House in the middle of the road

November 26, 2012

Wenling, China

By Aly Song

“Right now, buying a house like this would cost me more than 2 million yuan, but the government only offered me 260,015 to move, where could I go?” 67-year-old Luo Baogen said while smoking a cigarette in front of his partially demolished “nail house”, standing alone in the middle of a road in Wenling city, China’s eastern Zhejiang province. “Nail house” refers to the last houses in an area owned by people who refuse to move to make room for new developments.

GALLERY: A HOUSE IN THE ROAD

About 500 kilometers (310 miles) from Shanghai, this house quickly became an Internet hot topic after local news reports bearing dramatic photographs went public last week.

Considering a follow-up story and to have some more pictures of our own, I traveled there with a Reuters TV colleague on Saturday.

GALLERY: A HOUSE IN THE ROAD

It was difficult to believe that such a small city of Wenling was also undergoing great changes like Shanghai. On my train ride, I could see big and small construction sites on both sides of the railway. As soon as I stepped off the train, I could hear many noises of heavy machinery, constant reminders of the fast GDP development in this country.

I knew most of the “nail house” problems were as consequences of economic developments. This one was no exception.

After a brief interview, we learned that Luo Baogen and his wife were farmers who used to live in a quiet village too small to be found on Google map, with a few houses and some crop fields around the area. But just a few years ago, the high-speed railway ran through this village, and the local government decided to take advantage to turn this place into an economic development zone. Negotiation and demolition kicked off. Fast forward to today, and Luo and his wife are the last family refusing to move.

Luo told us he was distressed as feedback from the government changed all the time. He didn’t know what else he could do, so he just waits day after day by his house, puffing on cigarettes.

While we were interviewing Luo, dozens of other villagers came to us to complain about the local government’s behavior, but all of them asked to be off-the-record. In the meantime, an unidentified man kept using a mobile phone to take pictures of us to keep us on record.

I have covered several nail house stories in my photojournalism career, and sometimes, I can feel the same powerlessness and tininess as my interviewees, being in the way of the development of a fast-growing nation.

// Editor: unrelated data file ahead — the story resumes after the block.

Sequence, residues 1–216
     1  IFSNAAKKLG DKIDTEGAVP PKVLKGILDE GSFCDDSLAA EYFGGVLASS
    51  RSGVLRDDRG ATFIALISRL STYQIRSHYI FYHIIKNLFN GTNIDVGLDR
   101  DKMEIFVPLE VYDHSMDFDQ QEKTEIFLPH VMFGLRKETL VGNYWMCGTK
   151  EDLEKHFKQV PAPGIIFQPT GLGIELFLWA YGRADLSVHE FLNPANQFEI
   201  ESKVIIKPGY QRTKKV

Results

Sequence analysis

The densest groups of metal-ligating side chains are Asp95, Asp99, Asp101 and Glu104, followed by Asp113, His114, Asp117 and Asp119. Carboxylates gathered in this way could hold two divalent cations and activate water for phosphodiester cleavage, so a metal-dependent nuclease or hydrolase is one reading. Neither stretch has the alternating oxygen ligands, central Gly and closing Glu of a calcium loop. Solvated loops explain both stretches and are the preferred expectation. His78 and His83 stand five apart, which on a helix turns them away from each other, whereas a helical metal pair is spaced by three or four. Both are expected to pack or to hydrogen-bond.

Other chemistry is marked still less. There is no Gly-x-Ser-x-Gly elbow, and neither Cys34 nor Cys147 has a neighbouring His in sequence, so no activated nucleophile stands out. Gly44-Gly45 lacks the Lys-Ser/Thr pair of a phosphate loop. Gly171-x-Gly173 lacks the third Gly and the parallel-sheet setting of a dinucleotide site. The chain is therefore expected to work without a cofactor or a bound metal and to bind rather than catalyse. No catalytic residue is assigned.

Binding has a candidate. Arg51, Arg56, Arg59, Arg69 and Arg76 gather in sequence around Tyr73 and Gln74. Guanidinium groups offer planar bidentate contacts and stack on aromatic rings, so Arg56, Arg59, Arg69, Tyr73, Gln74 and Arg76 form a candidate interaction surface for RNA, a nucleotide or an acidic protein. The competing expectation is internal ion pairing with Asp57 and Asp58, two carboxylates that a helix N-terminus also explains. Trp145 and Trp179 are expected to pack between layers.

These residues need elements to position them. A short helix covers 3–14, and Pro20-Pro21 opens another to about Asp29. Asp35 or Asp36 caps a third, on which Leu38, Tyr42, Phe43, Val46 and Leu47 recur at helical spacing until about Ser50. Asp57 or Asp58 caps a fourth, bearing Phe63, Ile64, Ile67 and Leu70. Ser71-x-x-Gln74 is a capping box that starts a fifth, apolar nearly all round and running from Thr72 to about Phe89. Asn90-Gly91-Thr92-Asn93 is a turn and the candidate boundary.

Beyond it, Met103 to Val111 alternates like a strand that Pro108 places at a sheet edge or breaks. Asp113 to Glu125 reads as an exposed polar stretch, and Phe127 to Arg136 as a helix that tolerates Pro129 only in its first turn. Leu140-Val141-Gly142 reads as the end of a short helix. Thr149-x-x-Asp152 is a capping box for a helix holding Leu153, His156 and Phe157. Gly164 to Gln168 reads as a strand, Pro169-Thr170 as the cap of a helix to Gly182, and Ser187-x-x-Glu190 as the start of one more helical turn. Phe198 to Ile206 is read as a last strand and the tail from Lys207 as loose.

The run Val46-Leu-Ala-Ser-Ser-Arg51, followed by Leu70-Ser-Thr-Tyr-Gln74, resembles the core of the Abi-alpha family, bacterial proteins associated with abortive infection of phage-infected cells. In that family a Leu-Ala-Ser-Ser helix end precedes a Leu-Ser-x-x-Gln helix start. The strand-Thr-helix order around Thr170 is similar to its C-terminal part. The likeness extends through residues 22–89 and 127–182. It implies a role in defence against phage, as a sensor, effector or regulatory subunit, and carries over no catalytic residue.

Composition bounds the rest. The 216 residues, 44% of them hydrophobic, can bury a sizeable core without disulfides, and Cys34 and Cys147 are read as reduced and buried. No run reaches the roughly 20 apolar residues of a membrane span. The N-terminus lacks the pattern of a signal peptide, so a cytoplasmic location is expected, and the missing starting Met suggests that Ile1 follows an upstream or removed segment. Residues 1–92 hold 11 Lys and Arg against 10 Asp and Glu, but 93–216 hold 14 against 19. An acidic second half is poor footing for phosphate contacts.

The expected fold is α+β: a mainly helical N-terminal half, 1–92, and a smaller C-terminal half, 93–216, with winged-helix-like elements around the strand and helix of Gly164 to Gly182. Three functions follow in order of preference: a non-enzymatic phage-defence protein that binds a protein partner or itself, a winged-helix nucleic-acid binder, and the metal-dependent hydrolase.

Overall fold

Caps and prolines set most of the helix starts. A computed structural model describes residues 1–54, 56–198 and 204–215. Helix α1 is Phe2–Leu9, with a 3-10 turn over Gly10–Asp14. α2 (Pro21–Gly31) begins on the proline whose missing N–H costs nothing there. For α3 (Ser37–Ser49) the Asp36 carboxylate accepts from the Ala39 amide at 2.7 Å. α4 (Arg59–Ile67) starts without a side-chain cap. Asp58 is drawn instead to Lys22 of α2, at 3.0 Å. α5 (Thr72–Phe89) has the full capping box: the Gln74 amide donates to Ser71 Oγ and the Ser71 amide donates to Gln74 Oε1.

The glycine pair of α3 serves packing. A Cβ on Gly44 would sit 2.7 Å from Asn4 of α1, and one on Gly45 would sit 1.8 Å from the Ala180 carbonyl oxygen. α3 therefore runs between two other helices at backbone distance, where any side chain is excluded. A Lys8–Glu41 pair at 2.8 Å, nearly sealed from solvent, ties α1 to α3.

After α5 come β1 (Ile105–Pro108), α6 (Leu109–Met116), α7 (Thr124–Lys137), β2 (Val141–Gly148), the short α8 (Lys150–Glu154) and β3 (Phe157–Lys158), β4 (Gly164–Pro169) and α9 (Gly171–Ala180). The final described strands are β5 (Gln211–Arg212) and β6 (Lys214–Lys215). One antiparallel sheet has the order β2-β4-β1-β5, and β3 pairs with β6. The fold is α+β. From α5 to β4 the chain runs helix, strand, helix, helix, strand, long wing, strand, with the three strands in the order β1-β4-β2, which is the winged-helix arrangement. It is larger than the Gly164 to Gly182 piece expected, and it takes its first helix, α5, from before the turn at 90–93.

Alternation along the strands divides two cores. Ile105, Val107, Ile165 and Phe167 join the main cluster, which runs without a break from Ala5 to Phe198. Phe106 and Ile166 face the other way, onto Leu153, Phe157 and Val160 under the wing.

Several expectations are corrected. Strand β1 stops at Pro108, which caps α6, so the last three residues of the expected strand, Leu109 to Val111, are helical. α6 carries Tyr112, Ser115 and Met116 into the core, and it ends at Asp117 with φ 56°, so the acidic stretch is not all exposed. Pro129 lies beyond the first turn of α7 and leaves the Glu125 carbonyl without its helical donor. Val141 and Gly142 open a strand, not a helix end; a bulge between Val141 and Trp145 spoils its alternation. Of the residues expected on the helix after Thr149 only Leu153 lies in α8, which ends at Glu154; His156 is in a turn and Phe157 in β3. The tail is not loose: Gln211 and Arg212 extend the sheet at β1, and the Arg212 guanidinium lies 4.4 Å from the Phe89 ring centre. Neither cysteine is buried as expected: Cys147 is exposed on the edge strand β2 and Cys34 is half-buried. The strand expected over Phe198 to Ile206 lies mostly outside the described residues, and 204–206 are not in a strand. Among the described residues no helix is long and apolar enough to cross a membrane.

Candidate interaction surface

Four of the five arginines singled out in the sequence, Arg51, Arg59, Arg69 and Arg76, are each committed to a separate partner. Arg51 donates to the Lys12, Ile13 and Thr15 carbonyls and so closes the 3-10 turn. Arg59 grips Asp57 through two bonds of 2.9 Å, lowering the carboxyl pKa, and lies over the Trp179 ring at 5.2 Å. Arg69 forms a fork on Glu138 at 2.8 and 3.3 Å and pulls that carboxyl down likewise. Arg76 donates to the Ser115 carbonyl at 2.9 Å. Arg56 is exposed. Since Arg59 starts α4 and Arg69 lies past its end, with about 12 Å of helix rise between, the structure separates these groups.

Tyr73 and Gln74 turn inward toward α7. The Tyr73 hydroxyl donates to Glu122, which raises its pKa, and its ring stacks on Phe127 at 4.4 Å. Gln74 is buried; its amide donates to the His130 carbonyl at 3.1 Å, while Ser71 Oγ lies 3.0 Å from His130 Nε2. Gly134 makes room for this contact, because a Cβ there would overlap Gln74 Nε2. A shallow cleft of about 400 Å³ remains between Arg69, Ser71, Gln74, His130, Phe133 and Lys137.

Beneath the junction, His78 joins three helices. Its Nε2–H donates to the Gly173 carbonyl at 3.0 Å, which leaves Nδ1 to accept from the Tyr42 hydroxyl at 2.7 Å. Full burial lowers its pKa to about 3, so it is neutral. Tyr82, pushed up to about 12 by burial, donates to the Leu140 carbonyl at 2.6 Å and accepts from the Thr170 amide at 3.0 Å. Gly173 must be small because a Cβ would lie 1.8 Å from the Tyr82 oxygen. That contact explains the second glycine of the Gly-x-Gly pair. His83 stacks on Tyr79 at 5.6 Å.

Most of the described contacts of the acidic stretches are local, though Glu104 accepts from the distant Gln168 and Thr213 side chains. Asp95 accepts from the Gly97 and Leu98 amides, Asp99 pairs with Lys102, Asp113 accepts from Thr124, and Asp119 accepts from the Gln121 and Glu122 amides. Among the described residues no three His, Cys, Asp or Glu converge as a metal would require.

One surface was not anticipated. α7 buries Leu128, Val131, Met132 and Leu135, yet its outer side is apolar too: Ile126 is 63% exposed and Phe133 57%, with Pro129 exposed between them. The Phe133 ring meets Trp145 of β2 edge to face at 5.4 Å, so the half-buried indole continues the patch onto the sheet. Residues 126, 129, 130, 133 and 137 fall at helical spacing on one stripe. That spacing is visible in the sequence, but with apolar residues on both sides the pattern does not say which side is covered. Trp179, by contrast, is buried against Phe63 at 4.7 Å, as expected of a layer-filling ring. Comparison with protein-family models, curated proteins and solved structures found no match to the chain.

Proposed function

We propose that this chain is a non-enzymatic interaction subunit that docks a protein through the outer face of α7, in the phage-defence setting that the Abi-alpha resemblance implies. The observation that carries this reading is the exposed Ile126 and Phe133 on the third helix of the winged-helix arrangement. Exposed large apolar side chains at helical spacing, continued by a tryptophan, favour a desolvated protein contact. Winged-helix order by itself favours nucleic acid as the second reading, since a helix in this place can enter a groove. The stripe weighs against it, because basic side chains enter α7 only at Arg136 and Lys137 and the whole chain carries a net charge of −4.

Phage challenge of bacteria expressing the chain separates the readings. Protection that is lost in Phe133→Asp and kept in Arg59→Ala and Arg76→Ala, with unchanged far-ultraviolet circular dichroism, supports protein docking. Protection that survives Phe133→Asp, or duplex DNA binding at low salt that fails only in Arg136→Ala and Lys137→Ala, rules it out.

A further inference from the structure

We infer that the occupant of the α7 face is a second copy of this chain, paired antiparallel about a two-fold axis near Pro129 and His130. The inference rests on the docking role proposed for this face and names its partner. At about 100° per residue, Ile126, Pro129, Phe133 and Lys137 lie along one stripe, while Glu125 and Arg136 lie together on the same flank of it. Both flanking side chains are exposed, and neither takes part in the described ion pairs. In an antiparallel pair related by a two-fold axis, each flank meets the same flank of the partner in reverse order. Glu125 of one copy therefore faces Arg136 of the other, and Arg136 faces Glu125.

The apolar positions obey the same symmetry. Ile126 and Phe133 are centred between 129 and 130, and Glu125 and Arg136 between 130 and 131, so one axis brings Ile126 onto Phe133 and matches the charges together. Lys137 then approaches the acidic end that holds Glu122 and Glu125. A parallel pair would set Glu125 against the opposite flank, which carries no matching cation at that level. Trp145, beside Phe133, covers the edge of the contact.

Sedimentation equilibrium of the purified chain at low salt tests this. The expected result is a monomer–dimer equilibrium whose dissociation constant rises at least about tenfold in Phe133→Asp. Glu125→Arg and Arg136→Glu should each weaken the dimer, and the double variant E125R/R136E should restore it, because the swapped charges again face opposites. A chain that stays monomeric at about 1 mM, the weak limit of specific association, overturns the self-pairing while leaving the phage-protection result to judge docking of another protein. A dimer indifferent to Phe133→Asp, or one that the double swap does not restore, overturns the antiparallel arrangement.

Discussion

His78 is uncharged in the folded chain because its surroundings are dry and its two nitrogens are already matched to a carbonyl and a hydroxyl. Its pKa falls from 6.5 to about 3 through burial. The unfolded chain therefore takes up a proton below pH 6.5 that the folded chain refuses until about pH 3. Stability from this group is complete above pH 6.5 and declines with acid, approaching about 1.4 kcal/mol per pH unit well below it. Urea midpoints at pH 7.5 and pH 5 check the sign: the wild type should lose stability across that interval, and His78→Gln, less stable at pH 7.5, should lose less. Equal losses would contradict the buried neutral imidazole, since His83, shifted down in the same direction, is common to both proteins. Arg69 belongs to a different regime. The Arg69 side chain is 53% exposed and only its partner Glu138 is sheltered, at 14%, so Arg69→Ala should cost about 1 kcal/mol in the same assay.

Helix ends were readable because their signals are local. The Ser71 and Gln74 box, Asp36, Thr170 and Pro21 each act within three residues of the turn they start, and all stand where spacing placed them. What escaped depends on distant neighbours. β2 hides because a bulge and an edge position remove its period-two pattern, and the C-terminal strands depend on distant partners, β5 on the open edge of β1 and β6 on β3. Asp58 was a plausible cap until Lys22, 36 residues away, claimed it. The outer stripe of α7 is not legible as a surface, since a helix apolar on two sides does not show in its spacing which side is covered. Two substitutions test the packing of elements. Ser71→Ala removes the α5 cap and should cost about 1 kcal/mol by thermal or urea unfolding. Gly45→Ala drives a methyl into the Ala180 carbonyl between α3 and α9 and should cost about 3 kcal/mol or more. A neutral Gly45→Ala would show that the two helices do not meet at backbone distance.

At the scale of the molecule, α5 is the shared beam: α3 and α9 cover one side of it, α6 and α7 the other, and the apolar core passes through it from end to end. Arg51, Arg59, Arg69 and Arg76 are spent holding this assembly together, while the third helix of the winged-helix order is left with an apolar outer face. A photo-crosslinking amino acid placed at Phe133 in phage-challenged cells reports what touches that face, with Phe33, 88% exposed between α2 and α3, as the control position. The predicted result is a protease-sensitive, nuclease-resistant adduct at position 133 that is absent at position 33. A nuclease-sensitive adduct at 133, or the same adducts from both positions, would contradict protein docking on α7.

I sincerely hope that there will be a happy ending for this couple. I believe honest people like them, and many other citizens, deserve better, as they have already given so much to society.

4 comments

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This story proves that local governments do follow the law and that widespread forced demolitions are a myth. Forced acquisition of properties at a value by government valuers are widely practised in the G8 nations and accepted as the norm. You cannot have an individual exploiting the situation and demanding outrageous compensation.

Posted by WJL | Report as abusive

To go one step further in the understanding of the naming “nail house”: this naming comes from an ancient Arabic tale, called “Mustafa and his nail”. It tells the story of a small boy, who just lost his parents and is obliged to let his house for almost nothing to his neighbour. he only asks one thing to the greedy neighbour before living: remaining the owner of a single nail in one of the wall. The neighbour accepts. Then one day Mustafa knocks on the door and asks about using the nail to hang a frog. The neighbour then is forced to accept. One other day he comes back and asks the neighbour to use his nail to hang another stuff, and so on each and every day. I let you imagine the end of the tale…Mustafa is now enjoying quiet days in his returned house.
Just for all of you that will enjoy the subtleness of the naming “nail house”.

Posted by greenrabbit | Report as abusive

This could not happen in the US under eminent domain law. The only time I have ever heard of private owners being able to hold out against redevelopment pressure was when the developer was private and did not have the power to use eminent domain law. A recent Supreme Court decision may make even that “last stand” impossible here too.

It is obviously not China under Mao any more.

That was a very large house and very well built, from the looks of it.

Posted by paintcan | Report as abusive